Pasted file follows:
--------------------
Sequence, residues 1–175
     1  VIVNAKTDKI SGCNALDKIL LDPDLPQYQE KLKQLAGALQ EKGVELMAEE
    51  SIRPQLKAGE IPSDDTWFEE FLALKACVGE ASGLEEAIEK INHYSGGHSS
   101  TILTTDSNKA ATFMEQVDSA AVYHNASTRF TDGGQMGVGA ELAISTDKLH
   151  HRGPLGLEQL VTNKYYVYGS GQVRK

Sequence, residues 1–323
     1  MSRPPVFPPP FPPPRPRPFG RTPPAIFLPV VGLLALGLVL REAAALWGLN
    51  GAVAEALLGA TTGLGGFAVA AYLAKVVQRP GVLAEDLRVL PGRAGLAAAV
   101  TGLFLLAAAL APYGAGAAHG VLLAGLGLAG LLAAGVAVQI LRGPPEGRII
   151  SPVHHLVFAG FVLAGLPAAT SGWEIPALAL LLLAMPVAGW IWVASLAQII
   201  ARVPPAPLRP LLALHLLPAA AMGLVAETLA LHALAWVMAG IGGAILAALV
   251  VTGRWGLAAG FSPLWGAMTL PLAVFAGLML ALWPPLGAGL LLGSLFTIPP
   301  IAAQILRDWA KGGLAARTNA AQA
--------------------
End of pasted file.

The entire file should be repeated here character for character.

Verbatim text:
Sequence, residues 1–175
     1  VIVNAKTDKI SGCNALDKIL LDPDLPQYQE KLKQLAGALQ EKGVELMAEE
    51  SIRPQLKAGE IPSDDTWFEE FLALKACVGE ASGLEEAIEK INHYSGGHSS
   101  TILTTDSNKA ATFMEQVDSA AVYHNASTRF TDGGQMGVGA ELAISTDKLH
   151  HRGPLGLEQL VTNKYYVYGS GQVRK

Sequence, residues 1–323
     1  MSRPPVFPPP FPPPRPRPFG RTPPAIFLPV VGLLALGLVL REAAALWGLN
    51  GAVAEALLGA TTGLGGFAVA AYLAKVVQRP GVLAEDLRVL PGRAGLAAAV
   101  TGLFLLAAAL APYGAGAAHG VLLAGLGLAG LLAAGVAVQI LRGPPEGRII
   151  SPVHHLVFAG FVLAGLPAAT SGWEIPALAL LLLAMPVAGW IWVASLAQII
   201  ARVPPAPLRP LLALHLLPAA AMGLVAETLA LHALAWVMAG IGGAILAALV
   251  VTGRWGLAAG FSPLWGAMTL PLAVFAGLML ALWPPLGAGL LLGSLFTIPP
   301  IAAQILRDWA KGGLAARTNA AQA